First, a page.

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Stock levels in Melbourne’s north to rise as autumn leaves fall

Homeowners to cash in on increasing property values as market continues strong run

Listings are expected to rise in Melbourne’s northern corridor this autumn as vendors cash in on the skyrocketing property market.

In February, national property values rose at the fastest rate in 17 years, with Melbourne recording a growth of 2.1 per cent to $717,767, according to CoreLogic’s national home value index.

Barry Plant Coburg/Pascoe Vale/Craigieburn director David Devlin believes this phenomenal growth will prompt more homeowners to list this autumn.

“There has been a supply shortage in the outer and inner north suburbs as vendors have held off listing their properties,” he said.

“But now as vendor confidence returns, we expect to see more stock coming on to the market in the next few months.”

Barry Plant Coburg and Pascoe Vale offices recorded a 30-35 per cent growth in listings since late last year, while there was a 10-15 per cent rise in the Craigieburn office, he said.

“Craigieburn has been solid right through because its affordable homes have attracted first-home buyers helped by government incentives and historically low interest rates,” Mr Devlin said.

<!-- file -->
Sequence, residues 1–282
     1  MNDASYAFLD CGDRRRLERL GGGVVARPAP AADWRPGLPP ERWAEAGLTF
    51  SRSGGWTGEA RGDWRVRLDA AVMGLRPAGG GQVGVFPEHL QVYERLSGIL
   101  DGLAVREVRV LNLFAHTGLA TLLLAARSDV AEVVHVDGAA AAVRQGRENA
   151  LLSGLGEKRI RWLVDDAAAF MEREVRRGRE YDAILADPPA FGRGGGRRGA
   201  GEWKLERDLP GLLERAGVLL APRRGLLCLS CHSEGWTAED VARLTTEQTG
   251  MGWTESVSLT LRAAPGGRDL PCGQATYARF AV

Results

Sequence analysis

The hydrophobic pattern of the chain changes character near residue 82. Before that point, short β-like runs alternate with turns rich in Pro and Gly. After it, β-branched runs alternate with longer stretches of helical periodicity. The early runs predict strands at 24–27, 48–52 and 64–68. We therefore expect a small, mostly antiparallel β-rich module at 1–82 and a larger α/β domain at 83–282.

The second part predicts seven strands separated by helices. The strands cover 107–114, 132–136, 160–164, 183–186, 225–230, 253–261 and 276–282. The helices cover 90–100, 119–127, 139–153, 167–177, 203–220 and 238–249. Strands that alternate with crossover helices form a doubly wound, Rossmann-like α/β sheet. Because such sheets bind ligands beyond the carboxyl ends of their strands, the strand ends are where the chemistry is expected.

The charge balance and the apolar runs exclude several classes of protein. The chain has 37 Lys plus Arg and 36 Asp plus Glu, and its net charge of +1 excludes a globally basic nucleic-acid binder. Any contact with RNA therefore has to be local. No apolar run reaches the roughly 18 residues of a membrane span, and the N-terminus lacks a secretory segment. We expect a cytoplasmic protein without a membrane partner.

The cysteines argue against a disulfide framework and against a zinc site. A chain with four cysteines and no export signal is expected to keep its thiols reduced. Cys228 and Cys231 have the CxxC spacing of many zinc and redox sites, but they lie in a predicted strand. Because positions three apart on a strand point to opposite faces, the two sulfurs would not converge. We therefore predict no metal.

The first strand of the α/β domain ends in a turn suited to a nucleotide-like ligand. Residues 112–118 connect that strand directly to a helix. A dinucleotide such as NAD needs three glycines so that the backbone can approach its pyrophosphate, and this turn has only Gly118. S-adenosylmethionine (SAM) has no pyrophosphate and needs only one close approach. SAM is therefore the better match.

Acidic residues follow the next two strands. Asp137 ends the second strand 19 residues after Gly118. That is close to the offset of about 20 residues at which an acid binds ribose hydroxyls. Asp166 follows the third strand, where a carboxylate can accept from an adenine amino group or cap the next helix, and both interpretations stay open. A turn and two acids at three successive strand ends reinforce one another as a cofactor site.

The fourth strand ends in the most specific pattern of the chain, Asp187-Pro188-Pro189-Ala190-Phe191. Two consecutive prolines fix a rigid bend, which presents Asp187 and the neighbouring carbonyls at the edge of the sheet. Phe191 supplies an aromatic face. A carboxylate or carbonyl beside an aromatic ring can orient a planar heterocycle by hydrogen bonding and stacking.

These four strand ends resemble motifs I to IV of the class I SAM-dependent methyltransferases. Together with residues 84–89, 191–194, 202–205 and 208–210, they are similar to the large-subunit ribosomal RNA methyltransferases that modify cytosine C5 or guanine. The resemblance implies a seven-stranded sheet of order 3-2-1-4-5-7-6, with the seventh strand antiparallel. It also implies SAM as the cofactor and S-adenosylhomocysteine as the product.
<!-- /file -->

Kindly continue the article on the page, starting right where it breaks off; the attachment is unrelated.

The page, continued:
About 25km north of the CBD with easy access to freeways, it is in a developing area with new homes and infrastructure.

Mr Devlin pointed to the keen buyer interest in a three-bedroom house at 2 Toongabbie Pde, Craigieburn, which is up for auction on March 13 with a $419,000-$459,000 price range.

“We’ve had an incredible response to this property because it offers value-for-money for less than $500,000,” Mr Devlin said.

Mr Devlin expected demand for larger homes on bigger blocks to gain momentum during the coming months.

“Working habits have changed and more people are wanting to upgrade to a better living environment with more space,” he said.

The autumn selling season is a great opportunity for homeowners to take advantage of a strong market buoyed by rising demand and a growth in home values, according to Barry Plant Diamond Creek director Peter Koiker.

“Supply is falling well short of demand in the Diamond Creek area and anything we list draws plenty of attention and sells very well,” he said.

“Some vendors’ expectations have been exceeded by more than $60,000,” he said.

In Melbourne’s outer north east, Diamond Creek attracts buyers wanting a tree-change and larger homes.

“This is a leafy suburb on the train line with an abundance of parks, sports facilities and a strong sense of community,” Mr Koiker said.

“There are lifestyle opportunities here particularly for those now working from home and not needing to commute to the city every day of the week.”

A recently listed 4,462sq m vacant block at 60 Perversi Ave, Diamond Creek, with a $1-$1.1 million price guide, is attracting buyers from far and wide.

“There is scope to build a dream home on this rare, gently sloping hilltop block with stunning views,” Mr Koiker said.